Former MP Imran Ahmad Khan has formally resigned his Wakefield seat following his conviction for sexually assaulting a 15-year-old boy.
He announced his intention to quit on 14 April but did not tender his resignation for a further two weeks. The Treasury confirmed Khan’s departure on Tuesday.
He is due to be sentenced on 23 May.
Khan, who has represented the constituency since 2019, had denied groping the boy at a party in January 2008, but was found guilty after a trial.
He has now been appointed Steward and Bailiff of the Three Hundreds of Chiltern by Chancellor Rishi Sunak, one of the formal mechanisms for an MP to quit the Commons.
Khan, who was found guilty of sexual assault at Southwark Crown Court on 11 April, has said he intended to appeal against his conviction.
During his trial, the court heard Khan forced the boy to drink gin at the party in Staffordshire, dragged him upstairs and asked him to watch pornography before assaulting him.
He was elected Conservative MP for Wakefield in 2019 but was expelled by the party “with immediate effect” following his conviction.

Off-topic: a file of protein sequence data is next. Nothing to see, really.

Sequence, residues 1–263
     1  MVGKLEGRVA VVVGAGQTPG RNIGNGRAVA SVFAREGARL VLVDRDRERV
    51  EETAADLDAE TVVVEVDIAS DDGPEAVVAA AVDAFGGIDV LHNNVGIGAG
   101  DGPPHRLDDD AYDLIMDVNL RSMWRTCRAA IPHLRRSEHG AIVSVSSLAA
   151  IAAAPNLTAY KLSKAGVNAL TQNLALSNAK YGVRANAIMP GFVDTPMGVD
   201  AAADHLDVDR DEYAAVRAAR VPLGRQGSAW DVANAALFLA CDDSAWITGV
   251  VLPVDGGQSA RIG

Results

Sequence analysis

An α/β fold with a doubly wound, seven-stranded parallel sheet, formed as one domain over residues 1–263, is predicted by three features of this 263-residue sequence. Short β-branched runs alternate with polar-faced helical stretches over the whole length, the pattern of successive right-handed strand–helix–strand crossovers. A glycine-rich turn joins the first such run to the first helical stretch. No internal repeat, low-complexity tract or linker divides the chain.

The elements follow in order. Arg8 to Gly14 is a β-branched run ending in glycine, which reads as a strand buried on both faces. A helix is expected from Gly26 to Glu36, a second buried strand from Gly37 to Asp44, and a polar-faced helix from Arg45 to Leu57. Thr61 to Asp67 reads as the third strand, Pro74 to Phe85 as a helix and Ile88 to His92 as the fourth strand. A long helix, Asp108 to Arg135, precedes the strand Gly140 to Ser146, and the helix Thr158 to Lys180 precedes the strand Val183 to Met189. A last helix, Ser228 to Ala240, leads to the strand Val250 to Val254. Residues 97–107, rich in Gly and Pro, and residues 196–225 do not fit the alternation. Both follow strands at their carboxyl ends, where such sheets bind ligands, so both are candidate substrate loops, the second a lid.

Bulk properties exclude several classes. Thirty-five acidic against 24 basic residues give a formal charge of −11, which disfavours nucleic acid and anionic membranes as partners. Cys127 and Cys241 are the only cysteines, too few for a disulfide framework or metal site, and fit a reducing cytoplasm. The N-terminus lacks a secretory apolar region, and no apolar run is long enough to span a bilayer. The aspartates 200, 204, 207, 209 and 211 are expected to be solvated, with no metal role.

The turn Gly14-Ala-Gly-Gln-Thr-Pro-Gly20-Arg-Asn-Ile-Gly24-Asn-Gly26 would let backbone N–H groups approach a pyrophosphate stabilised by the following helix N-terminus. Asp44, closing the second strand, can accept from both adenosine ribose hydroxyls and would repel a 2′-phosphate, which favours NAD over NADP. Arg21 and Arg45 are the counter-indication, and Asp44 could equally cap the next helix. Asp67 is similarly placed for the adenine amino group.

The judge, Mr Justice Baker, warned Khan “all sentencing options, including immediate custody, are being considered by the court”.
James Vincent, Political Editor of BBC Yorkshire, said normally getting a new job is cause for celebration. But if you’re an MP and you get appointed as Steward and Bailiff of the Three Hundreds of Chiltern it actually means you’re out of one.
MPs can’t resign. If they want to they have to be given a job that disqualifies them from being a Member of Parliament.
As soon as Chancellor Rishi Sunak gave Imran Ahmad Khan that new title he was no longer representing the people of Wakefield in Westminster, James said. He said by the way, being the Steward and Bailiff isn’t an actual job, it is a title that pretty much means nothing.
But it means plenty for the people of Wakefield because they will now definitely have a by-election to choose a new MP.
There’s no date immediately, because it has to be called by the Conservatives who won there in 2019, but it’s likely to be later this summer, he said.
Responding to Khan’s resignation, Louise Haigh, Labour Shadow Cabinet member, said he should “never have been in a position to hold public office”.
“The Conservatives were warned about serious allegations of child sexual assault before his election and ignored it,” she added.
They turned their backs on victims and let Wakefield down.”